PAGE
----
Friday/ charging, with 240 V

Here’s the 240-volt adapter for charging my Tesla’s car battery. (I had to buy it separately; it does not come with the car. Now all I need is the actual car with its battery, right?).

I will need a new electrical outlet, connected to a 240 V circuit, in my garage, similar to the one that I have in my basement for the clothes dryer. The standard 120 V outlet will actually do the job, charging the car. It will just charge a lot slower, up to 8 miles (of battery range) per hour vs. about 30 miles per hour for the 240 V outlet.

Think of electricity current (electrons) as water in a pipe, and voltage as the pressure that is applied to push the water through the pipeline. High voltage pushes more electric charge per second through the charging cable, and gets the battery charged quicker.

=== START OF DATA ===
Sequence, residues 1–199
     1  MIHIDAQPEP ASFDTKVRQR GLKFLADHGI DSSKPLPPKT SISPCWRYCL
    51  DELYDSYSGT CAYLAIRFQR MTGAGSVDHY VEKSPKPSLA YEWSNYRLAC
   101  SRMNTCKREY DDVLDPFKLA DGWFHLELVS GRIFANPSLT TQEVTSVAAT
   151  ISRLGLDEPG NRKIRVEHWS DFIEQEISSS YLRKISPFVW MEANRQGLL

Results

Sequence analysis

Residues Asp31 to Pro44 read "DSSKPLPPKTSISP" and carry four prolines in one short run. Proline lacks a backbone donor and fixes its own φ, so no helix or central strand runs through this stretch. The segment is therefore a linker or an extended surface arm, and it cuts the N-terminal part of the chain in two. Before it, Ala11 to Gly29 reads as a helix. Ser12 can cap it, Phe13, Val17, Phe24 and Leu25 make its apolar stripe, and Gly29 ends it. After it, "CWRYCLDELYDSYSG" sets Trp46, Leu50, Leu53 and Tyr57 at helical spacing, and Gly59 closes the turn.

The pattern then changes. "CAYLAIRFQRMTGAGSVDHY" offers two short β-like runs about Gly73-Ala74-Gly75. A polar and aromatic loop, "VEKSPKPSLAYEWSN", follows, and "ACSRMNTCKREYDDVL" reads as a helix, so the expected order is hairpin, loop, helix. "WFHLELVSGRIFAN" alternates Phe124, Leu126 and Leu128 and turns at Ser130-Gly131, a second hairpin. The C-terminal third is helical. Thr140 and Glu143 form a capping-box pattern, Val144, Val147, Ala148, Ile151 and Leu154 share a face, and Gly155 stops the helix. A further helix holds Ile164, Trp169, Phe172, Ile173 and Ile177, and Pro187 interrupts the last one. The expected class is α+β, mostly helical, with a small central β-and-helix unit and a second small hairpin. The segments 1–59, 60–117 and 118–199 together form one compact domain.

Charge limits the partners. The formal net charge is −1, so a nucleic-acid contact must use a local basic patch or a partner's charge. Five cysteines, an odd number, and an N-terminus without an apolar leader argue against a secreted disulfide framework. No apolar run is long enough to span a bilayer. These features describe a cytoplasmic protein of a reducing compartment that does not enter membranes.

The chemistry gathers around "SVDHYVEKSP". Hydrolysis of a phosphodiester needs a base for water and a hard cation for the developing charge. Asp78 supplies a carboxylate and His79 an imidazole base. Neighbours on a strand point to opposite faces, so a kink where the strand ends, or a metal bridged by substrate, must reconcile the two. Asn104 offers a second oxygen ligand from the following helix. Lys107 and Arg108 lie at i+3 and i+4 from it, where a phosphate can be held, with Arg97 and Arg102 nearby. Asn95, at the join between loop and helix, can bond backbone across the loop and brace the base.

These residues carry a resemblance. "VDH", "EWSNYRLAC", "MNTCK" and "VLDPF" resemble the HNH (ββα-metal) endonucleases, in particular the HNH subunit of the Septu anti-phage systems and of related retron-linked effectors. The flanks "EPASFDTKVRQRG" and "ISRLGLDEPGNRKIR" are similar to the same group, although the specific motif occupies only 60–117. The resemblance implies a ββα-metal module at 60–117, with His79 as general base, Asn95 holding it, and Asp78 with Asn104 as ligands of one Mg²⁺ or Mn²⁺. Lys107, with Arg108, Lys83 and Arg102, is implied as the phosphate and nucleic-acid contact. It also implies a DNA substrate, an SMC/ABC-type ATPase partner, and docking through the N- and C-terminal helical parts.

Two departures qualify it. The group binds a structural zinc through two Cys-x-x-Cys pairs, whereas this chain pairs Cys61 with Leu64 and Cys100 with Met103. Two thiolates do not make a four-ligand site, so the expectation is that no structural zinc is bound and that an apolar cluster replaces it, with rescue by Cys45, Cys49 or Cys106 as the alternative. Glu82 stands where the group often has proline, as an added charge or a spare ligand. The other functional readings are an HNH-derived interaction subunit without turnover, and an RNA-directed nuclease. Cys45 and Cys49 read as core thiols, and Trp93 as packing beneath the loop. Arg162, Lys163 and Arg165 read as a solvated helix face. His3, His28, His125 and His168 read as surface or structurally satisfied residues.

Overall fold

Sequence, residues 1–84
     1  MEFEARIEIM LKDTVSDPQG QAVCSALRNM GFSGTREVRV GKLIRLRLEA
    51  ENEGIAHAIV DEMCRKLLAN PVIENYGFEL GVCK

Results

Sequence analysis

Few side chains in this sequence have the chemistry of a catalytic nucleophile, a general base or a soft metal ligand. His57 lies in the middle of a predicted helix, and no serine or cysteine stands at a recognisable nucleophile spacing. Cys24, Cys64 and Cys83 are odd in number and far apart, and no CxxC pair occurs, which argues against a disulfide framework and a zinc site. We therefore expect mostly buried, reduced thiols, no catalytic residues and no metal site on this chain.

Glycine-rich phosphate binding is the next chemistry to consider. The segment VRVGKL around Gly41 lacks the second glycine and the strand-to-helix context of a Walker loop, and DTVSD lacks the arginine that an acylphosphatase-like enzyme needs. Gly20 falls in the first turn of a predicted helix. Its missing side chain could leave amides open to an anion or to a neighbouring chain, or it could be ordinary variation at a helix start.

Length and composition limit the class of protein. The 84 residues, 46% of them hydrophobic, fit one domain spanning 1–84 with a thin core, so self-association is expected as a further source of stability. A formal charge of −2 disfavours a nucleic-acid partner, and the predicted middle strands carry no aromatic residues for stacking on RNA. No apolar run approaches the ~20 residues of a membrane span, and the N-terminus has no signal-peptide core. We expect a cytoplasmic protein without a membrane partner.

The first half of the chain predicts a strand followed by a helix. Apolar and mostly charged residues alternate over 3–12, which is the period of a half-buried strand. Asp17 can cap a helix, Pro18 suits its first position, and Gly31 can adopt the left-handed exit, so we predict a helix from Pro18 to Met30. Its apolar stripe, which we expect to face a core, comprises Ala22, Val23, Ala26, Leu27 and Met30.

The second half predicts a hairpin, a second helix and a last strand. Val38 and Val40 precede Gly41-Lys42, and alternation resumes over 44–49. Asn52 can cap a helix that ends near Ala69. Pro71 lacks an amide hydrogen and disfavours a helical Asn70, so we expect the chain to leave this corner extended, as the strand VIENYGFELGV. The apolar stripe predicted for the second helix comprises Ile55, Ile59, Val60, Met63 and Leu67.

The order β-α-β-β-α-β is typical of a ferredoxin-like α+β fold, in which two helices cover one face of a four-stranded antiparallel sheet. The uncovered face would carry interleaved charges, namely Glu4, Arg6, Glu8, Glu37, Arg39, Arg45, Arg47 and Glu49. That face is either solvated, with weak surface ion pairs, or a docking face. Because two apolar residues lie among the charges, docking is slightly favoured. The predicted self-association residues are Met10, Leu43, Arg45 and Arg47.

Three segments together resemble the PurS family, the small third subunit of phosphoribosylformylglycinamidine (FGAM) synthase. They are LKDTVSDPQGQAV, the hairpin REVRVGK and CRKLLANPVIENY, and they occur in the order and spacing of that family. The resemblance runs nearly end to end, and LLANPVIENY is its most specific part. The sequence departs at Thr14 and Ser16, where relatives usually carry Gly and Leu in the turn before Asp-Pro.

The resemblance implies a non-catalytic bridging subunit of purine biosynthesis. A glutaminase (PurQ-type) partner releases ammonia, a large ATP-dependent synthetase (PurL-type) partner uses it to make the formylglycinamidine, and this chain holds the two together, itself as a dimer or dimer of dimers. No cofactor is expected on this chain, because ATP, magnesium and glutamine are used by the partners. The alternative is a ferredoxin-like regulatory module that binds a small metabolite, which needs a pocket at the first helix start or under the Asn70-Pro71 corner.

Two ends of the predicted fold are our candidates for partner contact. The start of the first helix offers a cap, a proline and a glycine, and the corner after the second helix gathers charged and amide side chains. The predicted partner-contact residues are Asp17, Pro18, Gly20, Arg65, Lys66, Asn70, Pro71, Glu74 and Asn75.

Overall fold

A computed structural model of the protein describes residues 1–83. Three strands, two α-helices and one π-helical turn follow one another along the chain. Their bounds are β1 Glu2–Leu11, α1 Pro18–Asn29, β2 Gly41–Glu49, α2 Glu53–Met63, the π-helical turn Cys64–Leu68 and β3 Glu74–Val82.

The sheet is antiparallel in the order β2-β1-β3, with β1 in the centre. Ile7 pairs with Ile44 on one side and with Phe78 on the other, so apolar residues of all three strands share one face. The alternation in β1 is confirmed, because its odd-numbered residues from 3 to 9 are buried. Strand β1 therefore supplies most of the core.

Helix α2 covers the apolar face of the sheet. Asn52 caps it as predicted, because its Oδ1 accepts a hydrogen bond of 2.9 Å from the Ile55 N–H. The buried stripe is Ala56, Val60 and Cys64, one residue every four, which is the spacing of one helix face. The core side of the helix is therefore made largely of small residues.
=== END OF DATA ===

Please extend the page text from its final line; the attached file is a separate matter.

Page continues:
Just for fun, here’s a table with examples of electricity flow, current and voltage.
One ampere of current is one coulomb of charge moving past a given point per second. One coulomb is exactly 1/(1.602176634×10−19) elementary* charges.

*the charge on an electron

Electricity FlowCurrentVoltage
Current across human cell membranea few µA70 mV
iPhone consuming battery power0.1- 0.5 A3.7 V
LED light bulb (12W)0.1 A120 V
Incandescent light bulb (60W) 0.5 A120 V
Electric eel, delivering a shock1 A600 V
Household clothes dryer11 A240 V
Tesla car battery, charging12- 48 A 240 V
Long-distance power transmission line700 A350 kV
Lightning bolt (run for cover)30 kA300 MV

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